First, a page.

Madison Dugas has spent nearly her entire life at Norton Children’s Hospital in Louisville. Now, eight months later, she’s back home with her family after undergoing a heart transplant.

Beth Dugas, Madison’s mother, said she arrived at their home in Elizabethtown on July 9. Her transplant was June 7.

In November, Madison was born with an unbalanced atrioventricular canal defect, and had open heart surgery at 1-week old to have a shunt put in her heart.

Three months later her heart function started to decline and after being on a transplant list for eight weeks and four days, Madison was matched with a donor.

Dugas said the staff at Norton’s was very supportive and felt as if they truly cared about Madison.

“I don’t know that you could ask for a better team of doctors and nurses and therapists,” Dugas said.

Before Madison left the hospital, Dugas said staff held a small party for her complete with streamers and clapping.

She said since arriving, she has been doing “extremely well.” Currently, Madison is on several medications and diuretics; She has to take an antibiotic, an antiviral and antifungal for the first three months post-surgery.

Before the COVID-19 epidemic, Dugas took a leave of absence from the end of March to the end of June from her job as a physical therapist assistant at Caretenders. During that time, Dugas said she was driving back and forth nearly every day to see her daughter.

After starting work again, she could only see Madison on the weekend. Now that Madison is home, she said it has been nice not having to go back and forth.

“It’s nice to see her in the mornings before work and know that she’s gonna be here at home whenever I get off from work,” Dugas said.

Since arriving home, Dugas said Madison has been sleeping well at night and has been playing with her 4-year-old brother, Parker.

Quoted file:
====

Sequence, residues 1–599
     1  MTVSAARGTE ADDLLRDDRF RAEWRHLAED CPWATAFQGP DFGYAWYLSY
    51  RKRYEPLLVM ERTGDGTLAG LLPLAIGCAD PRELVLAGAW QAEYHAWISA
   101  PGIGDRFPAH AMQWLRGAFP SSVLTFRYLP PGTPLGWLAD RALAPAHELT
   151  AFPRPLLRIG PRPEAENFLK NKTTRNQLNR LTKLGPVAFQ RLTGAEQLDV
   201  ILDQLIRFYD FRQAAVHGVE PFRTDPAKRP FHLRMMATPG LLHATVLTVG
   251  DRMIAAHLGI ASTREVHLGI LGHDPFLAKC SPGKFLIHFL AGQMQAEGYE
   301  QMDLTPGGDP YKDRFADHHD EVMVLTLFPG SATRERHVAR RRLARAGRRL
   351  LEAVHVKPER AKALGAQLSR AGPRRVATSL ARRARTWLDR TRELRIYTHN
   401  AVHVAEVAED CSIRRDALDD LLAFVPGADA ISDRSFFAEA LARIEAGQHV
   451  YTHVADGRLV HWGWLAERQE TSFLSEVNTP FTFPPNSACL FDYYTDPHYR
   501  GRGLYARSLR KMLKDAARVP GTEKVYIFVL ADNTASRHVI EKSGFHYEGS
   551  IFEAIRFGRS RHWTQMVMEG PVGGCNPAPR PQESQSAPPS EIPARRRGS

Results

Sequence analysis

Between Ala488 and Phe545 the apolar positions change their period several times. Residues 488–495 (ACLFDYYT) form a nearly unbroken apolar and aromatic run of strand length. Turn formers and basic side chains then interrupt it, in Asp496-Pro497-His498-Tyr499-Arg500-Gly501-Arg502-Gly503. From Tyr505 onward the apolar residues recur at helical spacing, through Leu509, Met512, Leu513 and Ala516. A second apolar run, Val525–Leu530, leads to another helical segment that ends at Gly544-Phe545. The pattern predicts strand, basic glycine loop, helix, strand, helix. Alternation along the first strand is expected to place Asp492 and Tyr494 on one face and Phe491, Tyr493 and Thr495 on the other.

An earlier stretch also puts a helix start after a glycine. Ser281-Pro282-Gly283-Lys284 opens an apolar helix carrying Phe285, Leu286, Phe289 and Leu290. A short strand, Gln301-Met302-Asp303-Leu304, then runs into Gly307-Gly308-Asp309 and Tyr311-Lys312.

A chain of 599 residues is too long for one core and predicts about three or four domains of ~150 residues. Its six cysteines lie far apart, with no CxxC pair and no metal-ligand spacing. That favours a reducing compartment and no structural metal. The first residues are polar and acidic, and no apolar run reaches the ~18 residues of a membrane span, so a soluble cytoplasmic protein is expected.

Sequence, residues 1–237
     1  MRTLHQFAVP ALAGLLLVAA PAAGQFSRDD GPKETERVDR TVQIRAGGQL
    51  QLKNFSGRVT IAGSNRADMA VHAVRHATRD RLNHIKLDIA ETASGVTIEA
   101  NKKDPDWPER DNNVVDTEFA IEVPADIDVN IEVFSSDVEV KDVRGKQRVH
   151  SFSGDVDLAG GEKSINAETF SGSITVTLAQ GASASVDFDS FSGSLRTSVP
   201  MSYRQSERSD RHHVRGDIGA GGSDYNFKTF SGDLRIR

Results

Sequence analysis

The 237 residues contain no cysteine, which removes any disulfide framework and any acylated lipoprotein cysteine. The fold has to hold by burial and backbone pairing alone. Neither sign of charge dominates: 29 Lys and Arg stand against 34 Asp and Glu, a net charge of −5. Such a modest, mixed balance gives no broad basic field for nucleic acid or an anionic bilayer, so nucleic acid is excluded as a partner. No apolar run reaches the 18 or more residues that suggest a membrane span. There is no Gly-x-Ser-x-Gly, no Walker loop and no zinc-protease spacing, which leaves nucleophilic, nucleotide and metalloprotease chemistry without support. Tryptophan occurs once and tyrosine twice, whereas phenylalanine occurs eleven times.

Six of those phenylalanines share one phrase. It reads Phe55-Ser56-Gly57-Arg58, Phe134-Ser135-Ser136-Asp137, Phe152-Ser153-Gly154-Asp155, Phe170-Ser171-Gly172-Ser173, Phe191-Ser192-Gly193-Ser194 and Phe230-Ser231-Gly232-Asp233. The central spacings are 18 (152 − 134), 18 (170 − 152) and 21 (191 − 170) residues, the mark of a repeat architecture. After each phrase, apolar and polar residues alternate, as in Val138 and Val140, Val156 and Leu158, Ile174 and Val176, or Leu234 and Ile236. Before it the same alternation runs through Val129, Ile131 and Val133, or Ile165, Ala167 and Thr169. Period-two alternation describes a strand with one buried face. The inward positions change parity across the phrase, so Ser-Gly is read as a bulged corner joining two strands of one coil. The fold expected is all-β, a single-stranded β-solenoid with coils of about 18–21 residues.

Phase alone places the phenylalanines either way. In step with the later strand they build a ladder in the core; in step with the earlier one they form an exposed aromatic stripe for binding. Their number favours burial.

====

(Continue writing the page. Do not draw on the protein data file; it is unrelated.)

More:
Dugas said Parker is very excited to be with Madison and helps feed her, plays with her and calms her down when she’s crying.

Madison also has a little bit of lung disease which Dugas said is common among individuals with Down Syndrome. They have to monitor her oxygen level since she was on oxygen when she arrived home, but no longer needs it.

Madison will be on two anti-rejection medications for the rest of her life and will have to check her red and white blood cell counts as well.

Dugas said they also have been making sure Madison keeps her food down and have not been going out. She said Madison is very immunocompromised, so the family constantly washes their hands and have limited people from coming over.

“We take all the extra precautions, we have hand sanitizer all over the house and just making all those extra steps to keep her safe,” Dugas said.

She said she wants to stress the importance of organ donations, and said that she would love to one day meet Madison’s donor family.

Overall, Dugas said the process has been expensive on top of hospital stays, medications and the cost of driving back and forth to Louisville. They are currently still accepting donations at

Dugas said it has all been worth it.

“I say it all the time: She is priceless,” she said. “We’re going to do what we need to for her.”

Andrew Harp can be reached at 270-505-1747 or

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